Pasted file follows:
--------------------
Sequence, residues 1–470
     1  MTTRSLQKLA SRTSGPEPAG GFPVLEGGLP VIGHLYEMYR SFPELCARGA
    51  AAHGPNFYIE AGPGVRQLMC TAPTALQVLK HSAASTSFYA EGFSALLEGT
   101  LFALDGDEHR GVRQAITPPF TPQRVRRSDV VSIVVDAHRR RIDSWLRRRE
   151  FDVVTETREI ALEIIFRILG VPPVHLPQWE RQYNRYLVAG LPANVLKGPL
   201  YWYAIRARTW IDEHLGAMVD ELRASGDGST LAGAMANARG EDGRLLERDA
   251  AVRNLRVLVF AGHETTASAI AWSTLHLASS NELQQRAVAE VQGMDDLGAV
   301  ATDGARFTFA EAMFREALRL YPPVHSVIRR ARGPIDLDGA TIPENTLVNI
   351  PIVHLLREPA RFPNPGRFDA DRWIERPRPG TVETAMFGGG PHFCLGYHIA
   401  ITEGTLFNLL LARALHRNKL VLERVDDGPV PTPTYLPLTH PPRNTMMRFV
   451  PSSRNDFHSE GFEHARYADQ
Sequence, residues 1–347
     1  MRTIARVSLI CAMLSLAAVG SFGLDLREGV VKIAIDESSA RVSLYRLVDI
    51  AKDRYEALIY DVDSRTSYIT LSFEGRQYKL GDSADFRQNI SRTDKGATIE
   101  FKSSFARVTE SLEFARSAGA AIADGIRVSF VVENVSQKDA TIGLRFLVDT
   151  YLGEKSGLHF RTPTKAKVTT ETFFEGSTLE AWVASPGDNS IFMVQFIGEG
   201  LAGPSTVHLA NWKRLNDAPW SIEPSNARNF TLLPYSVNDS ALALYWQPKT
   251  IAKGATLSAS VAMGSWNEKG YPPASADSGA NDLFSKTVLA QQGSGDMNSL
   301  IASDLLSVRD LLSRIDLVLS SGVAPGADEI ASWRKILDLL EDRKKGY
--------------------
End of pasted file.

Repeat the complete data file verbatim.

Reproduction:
Sequence, residues 1–470
     1  MTTRSLQKLA SRTSGPEPAG GFPVLEGGLP VIGHLYEMYR SFPELCARGA
    51  AAHGPNFYIE AGPGVRQLMC TAPTALQVLK HSAASTSFYA EGFSALLEGT
   101  LFALDGDEHR GVRQAITPPF TPQRVRRSDV VSIVVDAHRR RIDSWLRRRE
   151  FDVVTETREI ALEIIFRILG VPPVHLPQWE RQYNRYLVAG LPANVLKGPL
   201  YWYAIRARTW IDEHLGAMVD ELRASGDGST LAGAMANARG EDGRLLERDA
   251  AVRNLRVLVF AGHETTASAI AWSTLHLASS NELQQRAVAE VQGMDDLGAV
   301  ATDGARFTFA EAMFREALRL YPPVHSVIRR ARGPIDLDGA TIPENTLVNI
   351  PIVHLLREPA RFPNPGRFDA DRWIERPRPG TVETAMFGGG PHFCLGYHIA
   401  ITEGTLFNLL LARALHRNKL VLERVDDGPV PTPTYLPLTH PPRNTMMRFV
   451  PSSRNDFHSE GFEHARYADQ
Sequence, residues 1–347
     1  MRTIARVSLI CAMLSLAAVG SFGLDLREGV VKIAIDESSA RVSLYRLVDI
    51  AKDRYEALIY DVDSRTSYIT LSFEGRQYKL GDSADFRQNI SRTDKGATIE
   101  FKSSFARVTE SLEFARSAGA AIADGIRVSF VVENVSQKDA TIGLRFLVDT
   151  YLGEKSGLHF RTPTKAKVTT ETFFEGSTLE AWVASPGDNS IFMVQFIGEG
   201  LAGPSTVHLA NWKRLNDAPW SIEPSNARNF TLLPYSVNDS ALALYWQPKT
   251  IAKGATLSAS VAMGSWNEKG YPPASADSGA NDLFSKTVLA QQGSGDMNSL
   301  IASDLLSVRD LLSRIDLVLS SGVAPGADEI ASWRKILDLL EDRKKGY